Low levels of 10 phospholipids in blood plasma correlated with future cognitive decline in older adults, hinting at diagnostic potential.
Scientists may have discovered another explanation for why DNA repeat sequences cause neurodegenerative diseases: A six-nucleotide expansion in the C9ORF72 gene forms stable structures that interfere with its transcription.
The scientific spotlight often shines on excitatory neurons as the brain’s main Aβ factories. What about other cell types?
The first longitudinal data from DIAN conflict with some cross-sectional findings, revealing a small drop in CSF injury markers after the first appearance of symptoms of disease.
AstraZeneca’s BACE inhibitor AZD3293 moves forward to a Phase 2/3 trial, joining Merck’s MK-8931 as the most advanced current compounds in this class.
Superficial siderosis, a leakage of blood matter onto the outer surface of the cerebral cortex, may be linked to AD and other dementias.
In Fragile X syndrome, mRNA from the mutant FMR1 gene binds to its own DNA to suppress protein expression. Could the same thing happen in other repeat expansion diseases?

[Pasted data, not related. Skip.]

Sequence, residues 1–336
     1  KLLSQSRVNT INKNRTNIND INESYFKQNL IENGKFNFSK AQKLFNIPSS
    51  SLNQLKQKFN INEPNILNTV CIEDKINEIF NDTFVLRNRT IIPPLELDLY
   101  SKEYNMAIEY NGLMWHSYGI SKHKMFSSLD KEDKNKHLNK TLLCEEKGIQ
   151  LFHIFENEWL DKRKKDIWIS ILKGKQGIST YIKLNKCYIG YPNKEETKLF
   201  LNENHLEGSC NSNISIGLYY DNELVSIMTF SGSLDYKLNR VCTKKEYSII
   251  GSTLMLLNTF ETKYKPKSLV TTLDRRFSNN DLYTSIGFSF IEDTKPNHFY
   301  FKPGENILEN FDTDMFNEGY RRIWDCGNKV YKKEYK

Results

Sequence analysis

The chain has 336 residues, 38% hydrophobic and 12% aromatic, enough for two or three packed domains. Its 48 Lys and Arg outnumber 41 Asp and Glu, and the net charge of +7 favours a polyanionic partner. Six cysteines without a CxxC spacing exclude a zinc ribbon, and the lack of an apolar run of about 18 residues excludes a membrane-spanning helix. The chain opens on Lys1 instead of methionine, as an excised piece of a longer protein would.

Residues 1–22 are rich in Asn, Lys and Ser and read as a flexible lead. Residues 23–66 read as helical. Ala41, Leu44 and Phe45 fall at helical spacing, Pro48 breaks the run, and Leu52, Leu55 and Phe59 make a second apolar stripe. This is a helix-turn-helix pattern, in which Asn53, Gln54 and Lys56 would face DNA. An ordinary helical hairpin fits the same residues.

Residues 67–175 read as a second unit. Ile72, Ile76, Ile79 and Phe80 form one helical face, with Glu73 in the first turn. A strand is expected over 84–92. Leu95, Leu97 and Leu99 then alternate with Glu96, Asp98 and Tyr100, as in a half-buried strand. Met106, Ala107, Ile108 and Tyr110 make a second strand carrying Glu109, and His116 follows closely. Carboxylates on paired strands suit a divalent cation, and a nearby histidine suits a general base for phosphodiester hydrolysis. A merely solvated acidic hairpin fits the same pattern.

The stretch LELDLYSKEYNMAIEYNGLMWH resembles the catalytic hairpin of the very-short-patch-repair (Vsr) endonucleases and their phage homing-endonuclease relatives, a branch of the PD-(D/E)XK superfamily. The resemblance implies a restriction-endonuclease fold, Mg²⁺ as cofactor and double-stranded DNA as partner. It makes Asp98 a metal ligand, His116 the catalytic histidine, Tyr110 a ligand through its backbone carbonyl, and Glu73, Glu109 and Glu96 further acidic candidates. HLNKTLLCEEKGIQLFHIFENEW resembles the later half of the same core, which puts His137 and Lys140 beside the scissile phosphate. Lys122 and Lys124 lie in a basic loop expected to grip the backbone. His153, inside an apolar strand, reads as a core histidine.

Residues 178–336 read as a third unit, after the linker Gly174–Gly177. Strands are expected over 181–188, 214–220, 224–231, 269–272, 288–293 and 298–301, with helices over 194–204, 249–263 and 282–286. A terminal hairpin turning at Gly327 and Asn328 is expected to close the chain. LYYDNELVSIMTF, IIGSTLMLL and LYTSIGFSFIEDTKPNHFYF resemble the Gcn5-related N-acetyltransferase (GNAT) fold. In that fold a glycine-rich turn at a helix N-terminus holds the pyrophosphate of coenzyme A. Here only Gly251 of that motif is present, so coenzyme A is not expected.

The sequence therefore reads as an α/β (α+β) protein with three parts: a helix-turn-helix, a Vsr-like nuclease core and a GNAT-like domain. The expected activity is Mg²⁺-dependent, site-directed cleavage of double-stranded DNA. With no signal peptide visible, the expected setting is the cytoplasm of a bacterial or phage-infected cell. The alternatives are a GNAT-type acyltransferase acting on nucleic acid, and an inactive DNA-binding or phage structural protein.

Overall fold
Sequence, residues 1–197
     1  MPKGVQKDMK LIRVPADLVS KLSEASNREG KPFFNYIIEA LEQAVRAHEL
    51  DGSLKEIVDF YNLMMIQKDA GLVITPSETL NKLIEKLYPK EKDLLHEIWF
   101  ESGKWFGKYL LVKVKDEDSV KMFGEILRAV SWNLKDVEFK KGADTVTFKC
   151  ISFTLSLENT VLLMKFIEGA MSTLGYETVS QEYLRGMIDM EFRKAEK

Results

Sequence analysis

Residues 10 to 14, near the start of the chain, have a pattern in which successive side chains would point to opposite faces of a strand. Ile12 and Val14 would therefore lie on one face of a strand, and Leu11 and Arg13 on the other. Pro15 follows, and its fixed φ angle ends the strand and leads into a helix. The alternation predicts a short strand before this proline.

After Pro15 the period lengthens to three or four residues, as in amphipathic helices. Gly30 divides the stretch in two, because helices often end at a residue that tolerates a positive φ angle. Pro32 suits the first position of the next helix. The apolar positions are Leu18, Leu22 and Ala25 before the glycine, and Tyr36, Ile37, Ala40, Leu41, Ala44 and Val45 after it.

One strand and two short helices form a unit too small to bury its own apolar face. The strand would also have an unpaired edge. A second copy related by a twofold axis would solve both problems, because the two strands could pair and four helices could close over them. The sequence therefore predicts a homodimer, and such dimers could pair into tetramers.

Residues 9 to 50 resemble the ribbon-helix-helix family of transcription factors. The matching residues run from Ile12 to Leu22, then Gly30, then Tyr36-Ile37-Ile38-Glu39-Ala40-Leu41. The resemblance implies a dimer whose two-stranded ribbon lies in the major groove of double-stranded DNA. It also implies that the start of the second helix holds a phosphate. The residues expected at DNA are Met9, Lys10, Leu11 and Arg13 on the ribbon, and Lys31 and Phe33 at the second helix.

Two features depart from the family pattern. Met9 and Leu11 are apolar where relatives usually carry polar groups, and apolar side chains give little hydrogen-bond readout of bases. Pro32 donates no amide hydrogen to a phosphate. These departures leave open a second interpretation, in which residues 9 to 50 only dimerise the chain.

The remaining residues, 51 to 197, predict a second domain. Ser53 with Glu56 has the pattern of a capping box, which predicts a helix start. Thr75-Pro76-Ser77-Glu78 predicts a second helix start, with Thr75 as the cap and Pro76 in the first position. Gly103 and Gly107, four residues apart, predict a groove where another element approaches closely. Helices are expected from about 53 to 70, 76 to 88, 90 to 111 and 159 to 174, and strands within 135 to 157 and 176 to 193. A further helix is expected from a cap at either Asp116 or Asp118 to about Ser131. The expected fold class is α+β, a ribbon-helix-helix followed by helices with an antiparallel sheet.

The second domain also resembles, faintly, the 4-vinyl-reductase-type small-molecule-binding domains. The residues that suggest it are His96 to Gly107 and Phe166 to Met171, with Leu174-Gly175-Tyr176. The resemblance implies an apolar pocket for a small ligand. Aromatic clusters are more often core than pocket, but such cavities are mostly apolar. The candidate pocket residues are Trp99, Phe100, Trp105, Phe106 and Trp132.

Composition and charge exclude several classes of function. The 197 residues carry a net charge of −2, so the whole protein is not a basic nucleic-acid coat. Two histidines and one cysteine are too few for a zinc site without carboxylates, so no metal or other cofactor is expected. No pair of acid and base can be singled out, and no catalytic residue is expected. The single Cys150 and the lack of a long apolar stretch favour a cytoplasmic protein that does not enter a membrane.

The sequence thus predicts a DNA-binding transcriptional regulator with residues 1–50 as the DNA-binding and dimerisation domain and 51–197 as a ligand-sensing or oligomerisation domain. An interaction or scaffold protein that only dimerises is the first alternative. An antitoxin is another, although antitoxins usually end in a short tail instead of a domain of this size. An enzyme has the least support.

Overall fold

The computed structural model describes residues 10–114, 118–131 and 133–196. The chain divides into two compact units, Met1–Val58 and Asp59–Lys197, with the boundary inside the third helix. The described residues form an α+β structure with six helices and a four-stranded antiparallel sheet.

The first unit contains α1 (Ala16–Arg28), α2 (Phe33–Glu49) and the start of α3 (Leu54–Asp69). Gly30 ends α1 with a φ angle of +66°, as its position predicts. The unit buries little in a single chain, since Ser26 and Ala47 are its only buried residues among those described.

Neurons in mice spit out monomeric tau when electrically stimulated, hinting that neural activity may help drive the spread of pathological forms of tau in the brain.
The widespread damage that results from a hexanucleotide repeat expansion in the C9ORF72 gene arises from yet another oddity in the DNA’s structure, according to a new study. Rich in guanine, the long repeats on the sense strand of DNA cause it to fold up tight on itself, leaving the opposite strand exposed. The complementary sequence on the gene's own mRNA then binds the antisense DNA. The RNA-DNA hybrid halts transcription in midstream, leaving incomplete RNA fragments that pile up and trap essential proteins. Scientists think a similar mechanism may be at work in other repeat-expansion diseases.
- Huntington Potter on A role for sorting nexin 27 in AMPA receptor trafficking.
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- Irene Griswold-Prenner on Neuronal activity regulates extracellular tau in vivo.
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- Joana Gil-Mohapel on Neurogenesis in the Striatum of the Adult Human Brain.
- Kaj Blennow, Henrik Zetterberg and Bob Olsson on GSAP Revisited: Does It Really Play a Role in Processing Aβ?
- Meike Vernooij on Prevalence of cortical superficial siderosis in a memory clinic population.